being contrary to the principle of stare decisis is no longer new. The
same argument was also raised but was struck down in Pesca v.
Pesca,54 and again in Antonio v. Reyes.55 In these cases, we explained
that the interpretation or construction of a law by courts constitutes a part
of the law as of the date the statute is enacted. It is only when a prior
ruling of this Court is overruled, and a different view is adopted, that the
new doctrine may have to be applied prospectively in favor of parties who
have relied on the old doctrine and have acted in good faith, in
accordance therewith under the familiar rule of "lex prospicit, non
II. On liberalizing the required proof for the declaration of nullity of
marriage under Article 36.
Now, petitioner wants to know if we have abandoned the Molina doctrine.
We have not.
In Edward Kenneth Ngo Te v. Rowena Ong Gutierrez Yu-Te,56 we
declared that, in hindsight, it may have been inappropriate for the Court
to impose a rigid set of rules, as the one in Molina, in resolving all cases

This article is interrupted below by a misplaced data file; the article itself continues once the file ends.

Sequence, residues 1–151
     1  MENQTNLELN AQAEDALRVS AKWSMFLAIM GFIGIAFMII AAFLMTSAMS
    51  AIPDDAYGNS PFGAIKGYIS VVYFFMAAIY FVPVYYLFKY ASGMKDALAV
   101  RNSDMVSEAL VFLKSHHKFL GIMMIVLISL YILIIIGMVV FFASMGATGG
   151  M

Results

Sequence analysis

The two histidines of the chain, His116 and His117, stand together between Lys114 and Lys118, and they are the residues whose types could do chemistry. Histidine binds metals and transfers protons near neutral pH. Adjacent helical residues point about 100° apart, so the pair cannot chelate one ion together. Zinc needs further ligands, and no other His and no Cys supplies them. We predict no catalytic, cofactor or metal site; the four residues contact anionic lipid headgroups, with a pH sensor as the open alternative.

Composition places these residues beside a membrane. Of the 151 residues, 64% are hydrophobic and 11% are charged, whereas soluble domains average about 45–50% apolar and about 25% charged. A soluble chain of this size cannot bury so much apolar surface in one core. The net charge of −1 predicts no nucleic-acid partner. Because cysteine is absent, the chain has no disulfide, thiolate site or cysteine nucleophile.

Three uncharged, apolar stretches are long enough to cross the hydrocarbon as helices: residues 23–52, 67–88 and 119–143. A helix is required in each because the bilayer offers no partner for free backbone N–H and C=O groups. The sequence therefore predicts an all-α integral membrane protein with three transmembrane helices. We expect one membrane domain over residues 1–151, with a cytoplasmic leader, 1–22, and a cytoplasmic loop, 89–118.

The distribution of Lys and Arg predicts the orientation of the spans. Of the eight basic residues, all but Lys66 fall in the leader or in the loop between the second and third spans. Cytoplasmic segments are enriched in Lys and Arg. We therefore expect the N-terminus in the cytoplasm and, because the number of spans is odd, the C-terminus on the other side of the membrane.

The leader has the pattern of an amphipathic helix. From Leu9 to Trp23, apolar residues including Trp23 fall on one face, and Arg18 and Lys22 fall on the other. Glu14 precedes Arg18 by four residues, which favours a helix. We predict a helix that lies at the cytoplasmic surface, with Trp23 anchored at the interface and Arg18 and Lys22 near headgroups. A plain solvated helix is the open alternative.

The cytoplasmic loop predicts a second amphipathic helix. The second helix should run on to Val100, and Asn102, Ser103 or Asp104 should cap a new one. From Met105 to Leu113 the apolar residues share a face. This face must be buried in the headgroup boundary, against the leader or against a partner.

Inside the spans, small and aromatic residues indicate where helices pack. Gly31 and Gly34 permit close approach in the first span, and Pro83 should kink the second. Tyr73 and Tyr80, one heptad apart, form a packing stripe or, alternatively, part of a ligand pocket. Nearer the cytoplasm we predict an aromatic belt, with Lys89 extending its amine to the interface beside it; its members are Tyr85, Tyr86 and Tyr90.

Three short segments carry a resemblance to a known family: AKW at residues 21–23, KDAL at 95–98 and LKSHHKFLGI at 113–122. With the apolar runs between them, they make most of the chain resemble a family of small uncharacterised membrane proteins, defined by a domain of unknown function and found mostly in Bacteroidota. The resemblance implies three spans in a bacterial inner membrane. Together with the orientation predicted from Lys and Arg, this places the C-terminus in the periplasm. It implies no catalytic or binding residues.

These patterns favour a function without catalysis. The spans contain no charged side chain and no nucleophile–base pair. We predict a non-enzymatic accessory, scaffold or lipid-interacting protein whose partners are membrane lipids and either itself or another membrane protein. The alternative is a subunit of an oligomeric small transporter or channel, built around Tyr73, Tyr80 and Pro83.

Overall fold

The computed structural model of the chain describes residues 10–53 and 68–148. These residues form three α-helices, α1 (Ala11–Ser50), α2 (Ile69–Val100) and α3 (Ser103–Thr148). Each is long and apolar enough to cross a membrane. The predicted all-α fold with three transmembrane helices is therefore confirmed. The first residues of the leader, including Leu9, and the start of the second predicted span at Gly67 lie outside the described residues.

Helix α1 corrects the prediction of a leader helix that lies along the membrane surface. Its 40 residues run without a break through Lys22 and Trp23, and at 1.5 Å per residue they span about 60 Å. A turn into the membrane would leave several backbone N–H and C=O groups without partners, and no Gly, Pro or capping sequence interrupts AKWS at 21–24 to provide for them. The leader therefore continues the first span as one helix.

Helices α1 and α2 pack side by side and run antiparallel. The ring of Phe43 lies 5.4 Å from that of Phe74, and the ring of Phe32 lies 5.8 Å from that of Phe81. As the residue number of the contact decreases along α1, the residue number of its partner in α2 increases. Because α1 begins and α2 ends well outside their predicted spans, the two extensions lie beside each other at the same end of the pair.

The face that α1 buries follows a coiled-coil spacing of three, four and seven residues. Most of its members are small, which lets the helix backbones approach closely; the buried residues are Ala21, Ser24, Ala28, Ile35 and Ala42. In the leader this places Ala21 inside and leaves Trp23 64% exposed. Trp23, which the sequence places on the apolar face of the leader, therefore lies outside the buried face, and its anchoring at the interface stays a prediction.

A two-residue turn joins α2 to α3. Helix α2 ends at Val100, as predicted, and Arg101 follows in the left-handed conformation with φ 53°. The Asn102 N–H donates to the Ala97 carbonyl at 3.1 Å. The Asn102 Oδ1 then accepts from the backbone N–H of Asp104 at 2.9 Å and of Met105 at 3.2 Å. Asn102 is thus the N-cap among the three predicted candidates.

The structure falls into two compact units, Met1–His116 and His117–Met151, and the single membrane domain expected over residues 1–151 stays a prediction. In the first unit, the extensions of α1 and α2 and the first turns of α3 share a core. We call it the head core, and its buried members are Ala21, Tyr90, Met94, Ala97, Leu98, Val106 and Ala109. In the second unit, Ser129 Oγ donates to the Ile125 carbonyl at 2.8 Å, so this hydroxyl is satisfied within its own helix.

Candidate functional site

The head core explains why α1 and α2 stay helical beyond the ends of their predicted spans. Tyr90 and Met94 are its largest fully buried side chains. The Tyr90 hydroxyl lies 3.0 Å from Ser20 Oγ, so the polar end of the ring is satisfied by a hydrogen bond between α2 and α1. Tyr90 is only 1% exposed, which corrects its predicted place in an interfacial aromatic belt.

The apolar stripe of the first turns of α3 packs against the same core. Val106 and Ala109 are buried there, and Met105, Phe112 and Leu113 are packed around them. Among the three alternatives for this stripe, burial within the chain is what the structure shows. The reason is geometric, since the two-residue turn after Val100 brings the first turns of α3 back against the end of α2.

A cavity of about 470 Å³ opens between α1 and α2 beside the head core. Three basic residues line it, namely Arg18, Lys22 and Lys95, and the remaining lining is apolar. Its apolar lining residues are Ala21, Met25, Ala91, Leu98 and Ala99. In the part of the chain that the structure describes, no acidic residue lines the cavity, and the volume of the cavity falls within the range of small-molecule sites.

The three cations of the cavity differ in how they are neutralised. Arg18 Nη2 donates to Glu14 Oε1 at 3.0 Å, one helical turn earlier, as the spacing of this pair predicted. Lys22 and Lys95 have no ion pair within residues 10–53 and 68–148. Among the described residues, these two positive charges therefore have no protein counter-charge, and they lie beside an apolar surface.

of psychological incapacity. We said that instead of serving as a
guideline, Molina unintentionally became a straightjacket, forcing all
cases involving psychological incapacity to fit into and be bound by it,
which is not only contrary to the intention of the law but unrealistic as well
because, with respect to psychological incapacity, no case can be
considered as on "all fours" with another.57
By the very nature of cases involving the application of Article 36, it is
logical and understandable to give weight to the expert opinions furnished
by psychologists regarding the psychological temperament of parties in
order to determine the root cause, juridical antecedence, gravity and
incurability of the psychological incapacity. However, such opinions, while
highly advisable, are not conditions sine qua non in granting petitions for
declaration of nullity of marriage.58 At best, courts must treat such
opinions as decisive but not indispensable evidence in determining the
merits of a given case. In fact, if the totality of evidence presented is
enough to sustain a finding of psychological incapacity, then actual
medical or psychological examination of the person concerned need not
be resorted to.59The trial court, as in any other given case presented
before it, must always base its decision not solely on the expert opinions
furnished by the parties but also on the totality of evidence adduced in
the course of the proceedings.
It was for this reason that we found it necessary to emphasize in Ngo Te
that each case involving the application of Article 36 must be treated